An engaged woman is always more agreeable than a disengaged. She is satisfied with herself. Her cares are over, and she feels that she may exert all her powers of pleasing without suspicion. All is safe with a lady engaged; no harm can be done.
One has not great hopes from Birmingham. I always say there is something direful in the sound.
We do not look in our great cities for our best morality.
It will, I believe, be everywhere found, that as the clergy are, or are not what they ought to be, so are the rest of the nation.
It is indolence... Indolence and love of ease; a want of all laudable ambition, of taste for good company, or of inclination to take the trouble of being agreeable, which make men clergymen. A clergyman has nothing to do but be slovenly and selfish; read the newspaper, watch the weather, and quarrel with his wife. His curate does all the work and the business of his own life is to dine.
Affection is dezirable, but money is absolutly undispensable.
How quick come the reasons for approving what we like!
Vanity working on a weak head produces every sort of mischief.
Is not general incivility the very essence of love?
You ought certainly to forgive them as a Christian, but never admit them in your sight, or allow their names to be mentioned in your hearing.
Nothing is more deceitful than the appearance of humility. It is often only carelessness of opinion, and sometimes an indirect boast.
For what do we live, but to make sport for our neighbours, and laugh at them in our turn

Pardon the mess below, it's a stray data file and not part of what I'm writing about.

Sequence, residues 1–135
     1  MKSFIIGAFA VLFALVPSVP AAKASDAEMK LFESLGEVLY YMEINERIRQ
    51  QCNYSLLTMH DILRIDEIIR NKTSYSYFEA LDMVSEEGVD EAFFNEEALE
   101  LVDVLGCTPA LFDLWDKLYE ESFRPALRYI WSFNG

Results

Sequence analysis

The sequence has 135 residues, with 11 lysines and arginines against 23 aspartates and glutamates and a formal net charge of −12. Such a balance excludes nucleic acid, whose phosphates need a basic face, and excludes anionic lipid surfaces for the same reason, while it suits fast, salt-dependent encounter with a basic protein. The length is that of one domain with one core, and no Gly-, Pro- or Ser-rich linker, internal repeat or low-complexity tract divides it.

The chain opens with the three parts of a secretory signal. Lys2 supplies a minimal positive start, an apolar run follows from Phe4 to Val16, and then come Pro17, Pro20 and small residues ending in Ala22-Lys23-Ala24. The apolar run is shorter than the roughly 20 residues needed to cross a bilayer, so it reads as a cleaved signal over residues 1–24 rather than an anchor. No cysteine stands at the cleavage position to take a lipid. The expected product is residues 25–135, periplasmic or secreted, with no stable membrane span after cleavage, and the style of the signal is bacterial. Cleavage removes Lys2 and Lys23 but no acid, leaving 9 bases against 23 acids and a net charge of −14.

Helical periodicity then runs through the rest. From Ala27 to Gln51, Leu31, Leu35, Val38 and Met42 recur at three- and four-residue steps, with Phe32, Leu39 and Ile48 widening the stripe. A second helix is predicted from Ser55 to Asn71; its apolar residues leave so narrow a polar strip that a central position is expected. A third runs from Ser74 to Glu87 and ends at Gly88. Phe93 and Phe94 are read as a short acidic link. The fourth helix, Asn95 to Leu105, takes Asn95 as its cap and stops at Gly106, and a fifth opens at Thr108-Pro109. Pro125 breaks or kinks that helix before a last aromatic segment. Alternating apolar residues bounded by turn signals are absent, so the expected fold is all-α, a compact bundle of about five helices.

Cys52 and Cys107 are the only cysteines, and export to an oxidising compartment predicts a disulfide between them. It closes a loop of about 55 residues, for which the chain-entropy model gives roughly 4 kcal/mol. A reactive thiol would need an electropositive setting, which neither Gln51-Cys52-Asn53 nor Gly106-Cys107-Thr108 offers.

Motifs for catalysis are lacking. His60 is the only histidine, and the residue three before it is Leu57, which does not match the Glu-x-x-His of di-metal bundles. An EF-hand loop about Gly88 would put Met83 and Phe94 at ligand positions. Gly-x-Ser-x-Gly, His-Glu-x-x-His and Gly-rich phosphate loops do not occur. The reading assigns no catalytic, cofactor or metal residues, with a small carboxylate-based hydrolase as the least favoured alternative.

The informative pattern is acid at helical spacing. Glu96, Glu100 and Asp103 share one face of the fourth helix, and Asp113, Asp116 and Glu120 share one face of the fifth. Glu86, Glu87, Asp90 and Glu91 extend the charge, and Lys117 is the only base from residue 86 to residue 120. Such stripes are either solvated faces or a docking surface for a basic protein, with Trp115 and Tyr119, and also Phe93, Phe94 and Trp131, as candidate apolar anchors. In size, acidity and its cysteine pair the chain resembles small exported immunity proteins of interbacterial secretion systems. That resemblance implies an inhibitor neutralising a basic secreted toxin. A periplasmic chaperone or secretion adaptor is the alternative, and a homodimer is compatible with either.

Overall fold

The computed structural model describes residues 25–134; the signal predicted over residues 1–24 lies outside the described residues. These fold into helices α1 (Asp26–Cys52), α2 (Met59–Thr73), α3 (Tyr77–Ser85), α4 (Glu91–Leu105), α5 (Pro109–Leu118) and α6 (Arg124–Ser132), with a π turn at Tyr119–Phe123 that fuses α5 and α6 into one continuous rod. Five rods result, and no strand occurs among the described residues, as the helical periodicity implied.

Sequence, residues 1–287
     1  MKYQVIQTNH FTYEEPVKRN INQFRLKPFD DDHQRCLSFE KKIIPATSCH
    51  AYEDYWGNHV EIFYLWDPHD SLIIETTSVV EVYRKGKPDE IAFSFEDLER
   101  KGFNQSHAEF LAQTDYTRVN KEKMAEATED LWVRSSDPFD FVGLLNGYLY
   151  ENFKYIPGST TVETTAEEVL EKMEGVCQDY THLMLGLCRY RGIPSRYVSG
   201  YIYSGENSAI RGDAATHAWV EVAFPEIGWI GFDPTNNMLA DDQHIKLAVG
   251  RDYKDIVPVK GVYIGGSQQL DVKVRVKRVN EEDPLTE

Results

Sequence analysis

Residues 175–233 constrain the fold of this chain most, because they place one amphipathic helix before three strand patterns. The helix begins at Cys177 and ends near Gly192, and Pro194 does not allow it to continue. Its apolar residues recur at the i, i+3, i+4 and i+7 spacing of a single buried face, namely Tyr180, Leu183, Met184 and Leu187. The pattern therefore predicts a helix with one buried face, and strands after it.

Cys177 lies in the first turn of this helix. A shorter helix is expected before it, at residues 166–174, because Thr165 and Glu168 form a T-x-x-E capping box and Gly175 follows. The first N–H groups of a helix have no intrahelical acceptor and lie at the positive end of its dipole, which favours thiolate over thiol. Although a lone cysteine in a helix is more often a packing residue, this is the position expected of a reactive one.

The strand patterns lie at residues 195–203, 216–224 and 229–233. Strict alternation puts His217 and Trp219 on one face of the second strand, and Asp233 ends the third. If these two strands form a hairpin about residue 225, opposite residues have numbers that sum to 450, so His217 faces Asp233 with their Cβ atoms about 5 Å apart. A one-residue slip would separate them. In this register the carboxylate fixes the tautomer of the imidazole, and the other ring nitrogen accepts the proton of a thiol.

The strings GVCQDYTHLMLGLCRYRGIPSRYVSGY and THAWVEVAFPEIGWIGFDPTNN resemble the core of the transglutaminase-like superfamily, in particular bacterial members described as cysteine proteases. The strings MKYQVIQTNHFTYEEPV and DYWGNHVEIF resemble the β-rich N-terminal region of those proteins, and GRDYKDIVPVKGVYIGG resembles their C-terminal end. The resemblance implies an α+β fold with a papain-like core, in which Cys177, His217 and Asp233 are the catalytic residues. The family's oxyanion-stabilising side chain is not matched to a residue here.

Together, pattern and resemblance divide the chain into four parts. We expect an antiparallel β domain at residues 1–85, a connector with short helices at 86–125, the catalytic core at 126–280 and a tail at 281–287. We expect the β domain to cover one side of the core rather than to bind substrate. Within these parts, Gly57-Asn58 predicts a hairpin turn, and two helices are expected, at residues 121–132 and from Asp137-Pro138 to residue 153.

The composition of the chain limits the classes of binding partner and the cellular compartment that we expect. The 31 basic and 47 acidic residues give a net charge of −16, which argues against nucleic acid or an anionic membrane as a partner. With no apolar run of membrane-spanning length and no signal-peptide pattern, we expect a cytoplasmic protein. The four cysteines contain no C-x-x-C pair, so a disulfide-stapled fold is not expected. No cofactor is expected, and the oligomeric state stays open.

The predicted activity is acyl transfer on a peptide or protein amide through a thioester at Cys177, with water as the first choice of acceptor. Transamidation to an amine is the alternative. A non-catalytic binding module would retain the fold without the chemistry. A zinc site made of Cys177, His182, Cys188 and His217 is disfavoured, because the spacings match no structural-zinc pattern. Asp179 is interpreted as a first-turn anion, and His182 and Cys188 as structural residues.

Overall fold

A person who can write a long letter with ease, cannot write ill.
It is not time or opportunity that is to determine intimacy; it is disposition alone. Seven years would be insufficient to make some people acquainted with each other, and seven days are more than enough for others.
“My idea of good company, Mr. Elliot, is a company of clever, well-informed people, who have a great deal of conversation; that is what I call good company.” // “You are mistaken,” said he, gently, “that is not good company; that is the best.”
She is probably by this time as tired of me, as I am of her; but as she is too polite and I am too civil to say so, our letters are still as frequent and affectionate as ever, and our Attachment as firm and sincere as when it first commenced.
Business, you know, may bring money, but friendship hardly ever does.
One cannot have too large a party. A large party secures its own amusement.
Personal size and mental sorrow have certainly no necessary proportions. A large bulky figure has as good a right to be in deep affliction as the most graceful set of limbs in the world. But, fair or not fair, there are unbecoming conjunctions, which… taste cannot tolerate—which ridicule will seize.
My sore throats are always worse than everyone’s.
It is very difficult for the prosperous to be humble.
Nobody who has not been in the interior of a family can say what the difficulties of any individual of that family may be.
If a woman doubts as to whether she should accept a man or not, she certainly ought to refuse him. If she can hesitate as to “Yes,” she ought to say “No,” directly.
A fond mother, though, in pursuit of praise for her children the most rapacious of human beings, is likewise the most credulous; her demands are exorbitant; but she will swallow anything.
Selfishness must always be forgiven, you know, because there is no hope of a cure.
But after all the punishment that misconduct can bring, it is still not less misconduct. Pain is no expiation.
The power of doing anything with quickness is always much prized by the possessor, and often without any attention to the imperfection of the performance.
A lady’s imagination is very rapid; it jumps from admiration to love, from love to matrimony in a moment.
Give a girl an education, and introduce her properly into the world, and ten to one but she has the means of settling well, without farther expense to anybody.